Read a book that has been recommended by a friend.

White Trash Warlock (Adam Binder #1) by David R. Slayton

I don’t actually know what this one’s about, but I’ve been told I’ll enjoy it.

13. Phaecia.

Odysseus drifts to the island of the Phaeacians and is found by the daughter of Alcinous and Arete, Nausicaa. Odysseus convinces Alcinous to help him get home.

Read a book with royalty.

Whether because this prompt is nearer the end or because I just have more books that fit, I actually have a few ideas for this one and any of them would fit. I could reread more Discworld with either Witches Abroad or Carpe Jugulum, or continue onto the third in the Enchanted Forest Chronicles (Calling on Dragons by Patricia Wrede), or I might try one of the princess-y MGs I’ve been eyeing, Tuesdays at the Castle (Castle Glower 1) by Jessica Day George.

14. Ithaca.

After 10 years at war, and 10 years of traveling, Odysseus is finally home at Ithaca! But, before he can officially return to his family, he must kick out the suitors squatting in his house and trying to marry his wife. Disguised as a beggar, Odysseus kills all the suitors.

Read a story you got for free (e.g.: library book, borrowed, for short stories or Gutenberg for classics etc.).

What Big Teeth by Rose Szabo

An ARC, and an overdue one at that. I definitely need to read this freebie.

Odyssey-inspired extras.

Now, this might be overstretching myself TBR-wise, but if I’m in the mood to really dive into the theme of this particular round of the readathon, these five all sound really good. They all seem like they’ll have a different style and vibe too, so should keep me interested.

The Odyssey by Homer, (trans.) Emily Wilson

I’d like to read the source material for this round, since i’s so fascinating and seems quite manageable. Jorie (@joriestory) suggested this edition as she was listening to the Claire Danes narration and thought it very well done. I remember hearing about Wilson’s translation when it first came out. It’s the first time The Odyssey has been translated by a woman and apparently challenges some of the stuffy, old translators assumptions.

A Thousand Ships by Natalie Haynes

This would be a reread for me, and it’s also the official group book. It covers the end of the Trojan War and it’s aftermath, from the perspectives of the many different women often overlooked in retellings. Specifically, it has letters from Penelope written to Odysseus during the war and his journey home, letting you see how the time apart affects her.

Ithaka by Adèle Geras

Set while Penelope waits for her husbands return home and the island is hosting the many suitors. “Told through the eyes of Klymene, a young girl who is like a daughter to Penelope–and who longs for more than friendship from the young prince Telemachus”.

Ithaca Forever: Penelope Speaks by Luigi Malerba (trans. Douglas Grant Heise)

Sensing a theme? “After twenty years, Odysseus finally returns to Ithaca, but instead of receiving the homecoming he had hoped for finds himself caught in an intense battle of wills with his faithful and long-suffering wife Penelope.”

Athena’s Champion (Olympus Trilogy #1) by David Hair & Cath Mayo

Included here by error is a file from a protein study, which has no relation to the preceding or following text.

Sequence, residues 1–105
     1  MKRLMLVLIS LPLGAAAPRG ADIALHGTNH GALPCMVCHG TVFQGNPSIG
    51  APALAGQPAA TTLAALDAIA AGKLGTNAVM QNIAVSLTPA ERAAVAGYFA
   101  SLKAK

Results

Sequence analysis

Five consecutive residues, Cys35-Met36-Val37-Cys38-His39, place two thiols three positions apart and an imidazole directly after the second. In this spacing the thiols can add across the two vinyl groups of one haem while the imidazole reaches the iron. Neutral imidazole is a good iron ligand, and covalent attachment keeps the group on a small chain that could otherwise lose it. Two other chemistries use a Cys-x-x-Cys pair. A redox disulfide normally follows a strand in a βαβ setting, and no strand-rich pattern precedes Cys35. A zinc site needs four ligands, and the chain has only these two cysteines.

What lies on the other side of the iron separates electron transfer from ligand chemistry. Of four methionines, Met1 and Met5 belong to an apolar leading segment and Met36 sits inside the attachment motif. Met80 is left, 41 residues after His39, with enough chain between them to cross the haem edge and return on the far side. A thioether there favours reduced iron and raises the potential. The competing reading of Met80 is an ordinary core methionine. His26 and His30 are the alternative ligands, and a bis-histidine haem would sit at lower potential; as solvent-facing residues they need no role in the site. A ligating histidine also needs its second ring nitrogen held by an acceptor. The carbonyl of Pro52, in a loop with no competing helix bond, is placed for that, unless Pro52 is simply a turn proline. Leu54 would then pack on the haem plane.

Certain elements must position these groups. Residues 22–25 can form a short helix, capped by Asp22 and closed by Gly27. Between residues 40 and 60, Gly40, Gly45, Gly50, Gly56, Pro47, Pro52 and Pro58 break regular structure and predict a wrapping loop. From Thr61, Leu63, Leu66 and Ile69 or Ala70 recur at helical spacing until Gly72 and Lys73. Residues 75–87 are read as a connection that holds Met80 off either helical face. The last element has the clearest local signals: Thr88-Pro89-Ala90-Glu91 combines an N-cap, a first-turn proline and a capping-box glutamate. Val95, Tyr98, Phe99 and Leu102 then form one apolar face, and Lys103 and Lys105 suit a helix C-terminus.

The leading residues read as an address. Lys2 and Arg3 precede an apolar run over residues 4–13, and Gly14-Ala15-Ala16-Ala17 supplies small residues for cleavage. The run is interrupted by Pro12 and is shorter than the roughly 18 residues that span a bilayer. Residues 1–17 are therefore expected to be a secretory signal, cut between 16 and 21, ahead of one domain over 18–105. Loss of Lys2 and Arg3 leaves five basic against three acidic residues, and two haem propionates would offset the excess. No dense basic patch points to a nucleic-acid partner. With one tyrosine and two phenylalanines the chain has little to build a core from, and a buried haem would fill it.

Another overdue ARC I’m afraid. This one stars Odysseus as a young man, and sounds a bit lighter and more adventure-y than the others.


5 thoughts on “Mythothon 5: The Odyssey: TBR”

  1. Sounds like you have a great TBR planned! I want to read Down Comes the Night, too. I own a copy, so maybe it will end up calling to me next month, too. And I really want to get back to the Elizabeth Peters book! I read one ages ago, and remember enjoying it, but haven’t ever read any more of them.

    Liked by 1 person

    1. I’m really liking the Elizabeth Peters books. They’re a little same-y so far, and dated in some of the language/ attitudes. but I really enjoy the archaeologist angle, and they give me a little bit of The Mummy vibes.


  2. Hallo, Hallo Lou,

    I’ve just shared my TBR for #Mythothon tonight! Tagged you on #booktwt and can’t wait to share my first updates next week about my progress, etc. Most of my selections involve Mythology in one way or another; one of course I snuck in there because a) I hadn’t realised I’d be listening to 3x more Jane Austen’s Dragons novels this month and b) I just didn’t have any cover with animals on it until I received those audiobooks! lol Plus in a lot of ways if you want to flip the script on Mythology – Austen’s own worlds are part of a modern Mythos of sorts because so many modern writers have respun her tales and have re-positioned her world, settings and characters into their own unique visions for those stories.

    Most of mine will be audiobooks this year, with a few in print. Even the ones I can borrow from the library or listen via Scribd because I’m finding my eyes are fatigued a lot after work and I felt audio might suit me best right now. I also have a pared down month hosting blog tours and a bit of a self-guided month — part #Mythothon and part #SelfPubFantasy with a final week of sorts for #WyrdAndWonder thrown in for good measure as I never did wrap up that event. lol

    Thanks for hosting again and for inspiring me!!

    Liked by 1 person

    1. That’s great Jorie! I’ll head over and take a good look as soon as I get a chance to read the post! 🙂
      I’m reading a lot via audiobook this month too, but for me it’s because work is so busy and it’s the only way to squeeze in reading time! XD Useful things, audiobooks, aren’t they!?

      Liked by 1 person